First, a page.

The average daily price of electricity in the Spanish wholesale market will break another historical record this Wednesday, the second in October so far, as the megawatt hour (MWh) skyrockets to 228.59 euros, according to OMIE data. It is 5.8% more than the previous record registered on Friday and is almost 25 euros above the 203.68 euros of this Tuesday. Never until this month had the MWh exceeded the barrier of 200 euros.
By time slots, the price will set a new historical record of 260 euros / MWh this Wednesday at 9:00 p.m. (exceeding 256.47 euros per MWh this Tuesday at 9:00 p.m.). The daily minimum will be between 3:00 p.m. and 4:00 p.m., when it marks 193 euros / MWh.
These new records come in a context of extraordinary tension in global energy markets, in full escalation of raw materials linked to energy, especially gas, but also oil (at highs of almost seven years) and coal, and with CO2 emission rights also at maximums due to the greater climate ambition of the EU.
This Tuesday, European gas futures in the Dutch TTF market have exceeded 110 euros / MWh for the first time in history due to the approach of a winter that is very complicated due to the low level of storage in the old continent, the shortage of this material in international markets, uncertainty about the supply from Russia and competition with the demand that comes from Asia.
In Spain there are also doubts about the future of one of the two gas pipelines that arrive from Algeria, due to the open diplomatic conflict between this country and Morocco, and the reference of the Iberian market Mibgas is already on the verge of 100 euros / MWh. In the Spanish electricity wholesale market, futures for the month of November already stand at an average of 234 euros / MWh. Those for the whole of 2022 are already shooting up to 147.45 euros, compared to just over 80 euros so far in 2021.
Faced with the succession of records that began in summer, the Government approved in September a shock plan to withdraw some 2,600 million euros from non-emitting technologies due to the extra income they receive due to the increase in gas prices, through a decree that has put companies on a war footing and has led the president of Iberdrola, Ignacio Sánchez Galán, to attack this Tuesday against the “terrifying interventionism” of the Government, which last weekend was dispatched with the controversial signing of the former socialist councilor Antonio Miguel Carmona as vice president of the Spanish subsidiary of the Basque electricity company.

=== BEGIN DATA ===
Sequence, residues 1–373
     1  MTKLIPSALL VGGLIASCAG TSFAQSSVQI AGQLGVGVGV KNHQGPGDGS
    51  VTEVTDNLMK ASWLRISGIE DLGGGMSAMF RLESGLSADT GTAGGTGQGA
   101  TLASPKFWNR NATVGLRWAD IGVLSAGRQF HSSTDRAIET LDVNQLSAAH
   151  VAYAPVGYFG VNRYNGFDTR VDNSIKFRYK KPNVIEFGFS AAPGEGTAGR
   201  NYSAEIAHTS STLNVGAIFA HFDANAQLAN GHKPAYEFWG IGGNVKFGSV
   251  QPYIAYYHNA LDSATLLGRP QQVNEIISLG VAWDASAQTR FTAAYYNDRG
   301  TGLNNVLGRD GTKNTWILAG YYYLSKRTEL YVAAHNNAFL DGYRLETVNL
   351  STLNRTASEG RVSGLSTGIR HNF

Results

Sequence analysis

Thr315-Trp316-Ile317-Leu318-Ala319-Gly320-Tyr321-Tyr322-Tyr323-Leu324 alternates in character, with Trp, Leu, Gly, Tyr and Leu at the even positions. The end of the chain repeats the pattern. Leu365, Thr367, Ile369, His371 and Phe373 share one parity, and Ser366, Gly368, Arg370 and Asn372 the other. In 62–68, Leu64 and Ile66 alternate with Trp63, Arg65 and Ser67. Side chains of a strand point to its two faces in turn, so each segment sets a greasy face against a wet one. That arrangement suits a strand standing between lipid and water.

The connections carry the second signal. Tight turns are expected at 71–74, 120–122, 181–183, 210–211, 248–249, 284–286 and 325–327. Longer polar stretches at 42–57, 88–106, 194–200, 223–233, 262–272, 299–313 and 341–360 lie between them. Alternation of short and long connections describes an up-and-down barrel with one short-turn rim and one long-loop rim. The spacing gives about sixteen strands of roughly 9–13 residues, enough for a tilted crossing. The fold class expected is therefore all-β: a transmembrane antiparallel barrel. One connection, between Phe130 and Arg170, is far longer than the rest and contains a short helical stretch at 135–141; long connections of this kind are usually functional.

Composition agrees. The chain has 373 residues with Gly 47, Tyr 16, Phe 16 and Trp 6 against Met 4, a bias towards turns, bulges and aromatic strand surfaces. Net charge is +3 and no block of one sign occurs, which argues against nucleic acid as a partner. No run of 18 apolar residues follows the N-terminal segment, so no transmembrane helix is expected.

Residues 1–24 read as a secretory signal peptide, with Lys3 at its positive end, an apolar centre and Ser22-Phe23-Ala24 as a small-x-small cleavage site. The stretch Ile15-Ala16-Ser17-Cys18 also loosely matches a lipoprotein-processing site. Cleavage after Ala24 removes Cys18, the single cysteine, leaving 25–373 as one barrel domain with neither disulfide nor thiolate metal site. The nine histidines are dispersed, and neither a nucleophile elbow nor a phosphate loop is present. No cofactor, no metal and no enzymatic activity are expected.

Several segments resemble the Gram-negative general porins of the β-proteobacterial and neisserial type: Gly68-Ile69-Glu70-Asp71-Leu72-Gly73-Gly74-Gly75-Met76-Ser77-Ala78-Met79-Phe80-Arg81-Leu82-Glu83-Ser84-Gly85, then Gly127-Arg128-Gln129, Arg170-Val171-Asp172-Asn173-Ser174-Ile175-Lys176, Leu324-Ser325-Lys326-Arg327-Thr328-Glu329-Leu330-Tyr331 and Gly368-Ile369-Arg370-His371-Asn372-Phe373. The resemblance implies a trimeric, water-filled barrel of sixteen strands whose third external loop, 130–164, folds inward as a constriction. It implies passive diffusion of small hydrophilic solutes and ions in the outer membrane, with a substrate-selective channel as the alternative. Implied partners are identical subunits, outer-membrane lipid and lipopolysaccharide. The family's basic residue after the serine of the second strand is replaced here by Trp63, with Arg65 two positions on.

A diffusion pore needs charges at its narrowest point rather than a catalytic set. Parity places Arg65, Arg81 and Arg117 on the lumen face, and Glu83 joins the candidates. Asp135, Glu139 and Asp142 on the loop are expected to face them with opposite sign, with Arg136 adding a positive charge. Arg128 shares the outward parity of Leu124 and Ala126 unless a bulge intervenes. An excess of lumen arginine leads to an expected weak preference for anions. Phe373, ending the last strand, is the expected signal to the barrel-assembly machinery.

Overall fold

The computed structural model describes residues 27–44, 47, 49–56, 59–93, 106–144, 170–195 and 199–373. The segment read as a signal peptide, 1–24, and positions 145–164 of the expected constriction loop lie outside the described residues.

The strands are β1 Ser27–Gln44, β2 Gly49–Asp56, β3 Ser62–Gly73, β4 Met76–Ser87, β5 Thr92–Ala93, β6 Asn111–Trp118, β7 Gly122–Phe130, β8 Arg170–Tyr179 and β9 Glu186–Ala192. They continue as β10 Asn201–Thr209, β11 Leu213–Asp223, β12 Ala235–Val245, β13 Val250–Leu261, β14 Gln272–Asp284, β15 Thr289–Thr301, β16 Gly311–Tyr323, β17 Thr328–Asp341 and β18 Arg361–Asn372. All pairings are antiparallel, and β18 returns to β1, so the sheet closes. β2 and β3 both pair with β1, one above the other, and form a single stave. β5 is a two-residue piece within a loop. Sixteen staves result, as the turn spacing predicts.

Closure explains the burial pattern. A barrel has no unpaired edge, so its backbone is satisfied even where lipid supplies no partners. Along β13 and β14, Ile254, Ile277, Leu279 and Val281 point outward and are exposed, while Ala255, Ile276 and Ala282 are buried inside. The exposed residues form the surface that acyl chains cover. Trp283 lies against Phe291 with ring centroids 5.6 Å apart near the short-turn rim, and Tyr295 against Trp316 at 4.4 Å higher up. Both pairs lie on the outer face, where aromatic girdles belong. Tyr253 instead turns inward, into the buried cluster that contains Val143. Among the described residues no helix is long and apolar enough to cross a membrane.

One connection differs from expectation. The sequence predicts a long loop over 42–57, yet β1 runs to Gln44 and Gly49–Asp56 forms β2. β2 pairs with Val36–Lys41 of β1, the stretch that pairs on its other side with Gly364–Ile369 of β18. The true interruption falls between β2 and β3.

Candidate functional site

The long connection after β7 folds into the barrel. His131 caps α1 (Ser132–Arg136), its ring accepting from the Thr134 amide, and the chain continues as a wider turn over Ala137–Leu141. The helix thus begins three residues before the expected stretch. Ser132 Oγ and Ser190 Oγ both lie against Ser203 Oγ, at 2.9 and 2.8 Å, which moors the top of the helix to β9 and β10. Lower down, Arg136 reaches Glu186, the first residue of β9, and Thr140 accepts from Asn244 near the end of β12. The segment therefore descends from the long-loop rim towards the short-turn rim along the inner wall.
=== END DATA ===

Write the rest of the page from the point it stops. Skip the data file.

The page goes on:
Faced with the sharp rise in inflation, the debate on an urgent reform of the electricity market demanded by countries like Spain and France is now on the ball of Europe. But this Monday, after the Eurogroup meeting, the European Commission resisted the urgent measures requested by some countries and was more willing to present measures to help vulnerable families and companies in the coming days than to tackle a reform like the one that they demand Paris and Madrid, who want to end the link that exists between this raw material and the electricity bill due to the marginalist electricity market whose design dates back more than two decades.
The voices that ask to reform that market once and for all. One of the latter, the former president of the Portuguese energy regulator ERSE Jorge Vasconcelos, who in a interview In the Portuguese newspaper Público, he speaks of a “macroscopic” mismatch between a market structure “conceived 25 years ago”, when there were hardly any renewables, and the current reality and decarbonization objectives.
This Tuesday, the third vice president and minister for the Ecological Transition, Teresa Ribera, plans to meet with representatives of consumer associations to address the reform of the regulated rate of the voluntary price to small consumers (PVPC), in which the price of the energy is directly indexed to the wholesale electricity market. This means that, according to a comparison by Selectra, the monthly electricity bill has risen in the last 6 months for a consumer with regulated rates by 55% in Spain, compared to 43% in Italy, 15% in Portugal and 4% in France.
The Government proposes linking the PVPC to some future reference to make it less volatile, at the cost of a higher risk premium for the consumer. A proposal for which Transición Ecológica has opened a public consultation and which consumers view with caution. They demand to reinforce the social bonus for vulnerable consumers and that it be granted automatically, as the Government proposed to do years ago.